The fledgling Racial Justice Act survived its first challenge when a Forsyth County judge rejected contentions by prosecutors that the law was too sweeping to comply with the N.C. Constitution.
Judge William Z. Wood issued his findings today in Forsyth County Superior Court.
The Winston-Salem courthouse has been the setting for the first wave of death row inmates seeking relief from their sentences under the 18-month-old law.
The Racial Justice Act, passed narrowly along party lines in 2009, provides people convicted and accused in capital cases a legal avenue for challenging their plights using statistics and anecdotal evidence to bolster racial bias claims.
Errol Duke Moses and Carl Stephen Moseley, death row inmates since the 1990s, are using statistics and findings from a Michigan State University study to claim racial imbalance and bias played a role in their trials and sentencing in Forsyth County.
Their cases are the first of the 154 death row inmates seeking relief under the law to get to a courtroom.
"This vindicates the decision of the legislature to examine whether racial bias is tainting death sentences in this state," said Ken Rose, an attorney from the Center for Death Penalty Litigation representing Moses.
Earlier this week, prosecutors tried to pick apart the law, saying it was too sweeping to apply fairly across the state.
David Hall, an assistant district attorney in Forsyth County, argued that the law does not specify whether the courts should consider race of the inmate, race of the victim or race of the jurors when considering bias claims. He voiced outrage that Moseley, a white inmate convicted of killing white victims, was alleging racial bias played a part in his sentencing
Rose and Paul Green, one of the defense attorneys representing Moseley, voiced similar outrage that someone would claim a white inmate could not experience racial bias.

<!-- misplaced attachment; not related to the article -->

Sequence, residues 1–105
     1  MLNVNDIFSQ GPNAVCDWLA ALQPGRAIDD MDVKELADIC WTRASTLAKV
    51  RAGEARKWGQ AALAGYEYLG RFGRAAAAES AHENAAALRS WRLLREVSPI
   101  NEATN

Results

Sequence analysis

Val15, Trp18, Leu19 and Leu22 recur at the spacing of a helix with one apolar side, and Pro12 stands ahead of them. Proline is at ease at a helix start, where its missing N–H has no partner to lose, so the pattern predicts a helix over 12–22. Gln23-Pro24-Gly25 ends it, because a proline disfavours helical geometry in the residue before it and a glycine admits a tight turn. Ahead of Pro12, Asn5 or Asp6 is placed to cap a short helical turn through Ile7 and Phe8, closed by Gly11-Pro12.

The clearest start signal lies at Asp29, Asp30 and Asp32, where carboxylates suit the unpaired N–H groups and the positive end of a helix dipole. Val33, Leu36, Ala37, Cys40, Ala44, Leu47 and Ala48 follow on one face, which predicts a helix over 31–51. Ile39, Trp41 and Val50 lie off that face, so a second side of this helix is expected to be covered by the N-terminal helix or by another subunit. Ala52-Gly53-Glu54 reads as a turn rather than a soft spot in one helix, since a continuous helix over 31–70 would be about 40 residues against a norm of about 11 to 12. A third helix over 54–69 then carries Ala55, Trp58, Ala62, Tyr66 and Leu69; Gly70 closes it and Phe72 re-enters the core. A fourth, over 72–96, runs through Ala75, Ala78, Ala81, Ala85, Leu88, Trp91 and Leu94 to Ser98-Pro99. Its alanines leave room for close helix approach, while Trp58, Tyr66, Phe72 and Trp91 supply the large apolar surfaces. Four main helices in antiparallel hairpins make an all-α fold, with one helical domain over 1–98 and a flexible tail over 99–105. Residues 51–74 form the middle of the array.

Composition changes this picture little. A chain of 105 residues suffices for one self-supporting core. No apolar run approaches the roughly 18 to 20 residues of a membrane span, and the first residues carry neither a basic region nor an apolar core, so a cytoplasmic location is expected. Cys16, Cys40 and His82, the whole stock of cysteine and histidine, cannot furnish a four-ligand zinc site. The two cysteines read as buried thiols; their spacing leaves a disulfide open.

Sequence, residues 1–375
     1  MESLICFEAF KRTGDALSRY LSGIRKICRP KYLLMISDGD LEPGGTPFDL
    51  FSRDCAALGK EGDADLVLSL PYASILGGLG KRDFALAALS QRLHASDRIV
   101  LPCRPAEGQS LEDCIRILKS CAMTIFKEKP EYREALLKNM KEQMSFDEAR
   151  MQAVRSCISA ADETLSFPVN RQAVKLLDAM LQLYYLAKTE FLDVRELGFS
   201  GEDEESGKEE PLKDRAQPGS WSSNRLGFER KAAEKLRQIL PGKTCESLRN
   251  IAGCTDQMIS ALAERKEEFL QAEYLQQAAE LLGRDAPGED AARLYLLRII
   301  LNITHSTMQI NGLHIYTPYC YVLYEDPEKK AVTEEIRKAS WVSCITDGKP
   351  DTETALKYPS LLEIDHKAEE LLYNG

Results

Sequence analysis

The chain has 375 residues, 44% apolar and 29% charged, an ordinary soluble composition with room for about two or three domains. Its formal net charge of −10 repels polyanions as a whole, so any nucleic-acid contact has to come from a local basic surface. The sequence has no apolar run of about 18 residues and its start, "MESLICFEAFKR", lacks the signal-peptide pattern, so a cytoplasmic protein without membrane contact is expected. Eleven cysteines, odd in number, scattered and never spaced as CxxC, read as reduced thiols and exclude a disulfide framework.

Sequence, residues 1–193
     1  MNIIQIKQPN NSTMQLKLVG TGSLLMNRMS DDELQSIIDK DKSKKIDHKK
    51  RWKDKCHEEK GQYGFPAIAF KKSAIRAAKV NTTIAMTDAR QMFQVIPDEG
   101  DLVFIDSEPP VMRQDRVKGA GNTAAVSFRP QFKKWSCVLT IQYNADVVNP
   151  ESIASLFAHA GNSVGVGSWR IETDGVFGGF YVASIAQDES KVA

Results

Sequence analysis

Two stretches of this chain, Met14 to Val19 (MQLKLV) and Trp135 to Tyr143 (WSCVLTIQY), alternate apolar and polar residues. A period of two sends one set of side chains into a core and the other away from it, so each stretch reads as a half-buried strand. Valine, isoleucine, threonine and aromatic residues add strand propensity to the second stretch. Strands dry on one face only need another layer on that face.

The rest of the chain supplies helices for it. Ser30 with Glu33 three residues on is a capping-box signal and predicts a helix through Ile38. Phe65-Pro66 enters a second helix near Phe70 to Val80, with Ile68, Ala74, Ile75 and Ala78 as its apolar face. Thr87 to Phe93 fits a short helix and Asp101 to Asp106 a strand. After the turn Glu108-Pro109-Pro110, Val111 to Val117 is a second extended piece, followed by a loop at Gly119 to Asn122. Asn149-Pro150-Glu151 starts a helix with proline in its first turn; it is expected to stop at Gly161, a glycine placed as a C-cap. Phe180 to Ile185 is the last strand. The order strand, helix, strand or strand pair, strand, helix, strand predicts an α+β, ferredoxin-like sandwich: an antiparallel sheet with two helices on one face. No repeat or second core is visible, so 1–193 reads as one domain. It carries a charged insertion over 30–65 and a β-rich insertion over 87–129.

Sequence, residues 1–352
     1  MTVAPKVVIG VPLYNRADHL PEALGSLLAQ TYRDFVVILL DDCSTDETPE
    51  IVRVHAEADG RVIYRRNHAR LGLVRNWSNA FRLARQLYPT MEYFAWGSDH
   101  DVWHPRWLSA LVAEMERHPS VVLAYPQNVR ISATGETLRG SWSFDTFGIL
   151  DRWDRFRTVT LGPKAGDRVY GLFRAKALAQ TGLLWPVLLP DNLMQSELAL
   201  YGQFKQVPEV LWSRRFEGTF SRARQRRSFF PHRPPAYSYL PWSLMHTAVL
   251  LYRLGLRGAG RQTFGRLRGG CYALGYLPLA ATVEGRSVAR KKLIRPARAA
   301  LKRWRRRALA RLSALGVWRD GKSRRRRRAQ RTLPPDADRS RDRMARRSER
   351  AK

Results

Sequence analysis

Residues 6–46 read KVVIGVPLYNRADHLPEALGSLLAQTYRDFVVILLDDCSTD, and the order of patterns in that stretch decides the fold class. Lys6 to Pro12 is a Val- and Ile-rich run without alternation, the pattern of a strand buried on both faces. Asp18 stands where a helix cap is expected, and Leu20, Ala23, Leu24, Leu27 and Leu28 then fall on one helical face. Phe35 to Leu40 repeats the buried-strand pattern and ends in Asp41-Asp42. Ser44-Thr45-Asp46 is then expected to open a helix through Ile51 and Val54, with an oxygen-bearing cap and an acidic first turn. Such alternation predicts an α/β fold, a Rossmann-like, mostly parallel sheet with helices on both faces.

Defense lawyers contend that inmates in the racial majority could have experienced bias, too, particularly if people of color were excluded or not proportionally represented on the juries that decided their cases.
As prosecutors argued that the law needed to be more narrowly crafted so a judge could weigh particular complaints, not broad allegations of racial bias, defense attorneys shot back that sweep was what the legislature intended.
"In North Carolina, we have a societal interest in addressing a history that has been marred by racial discrimination," said Paul Green, one of Moseley's attorneys.
With Wood's decision today, lawyers expect to get to the crux of the complaints in late March, when the next hearing is set.
"I'm excited to be getting into the merits of this and that is is the death penalty marred by discrimination?," Rose said.
Though the law survived its first test in the courts, it could be in jeopardy in the political arena.
Republicans who gained control of the state Senate and House in January have talked about either severely narrowing the reach of the act or repealing it all together.
Lawyers representing the inmates and defendants with cases already in the courts said they did not know the impact such a change would have on existing claims.
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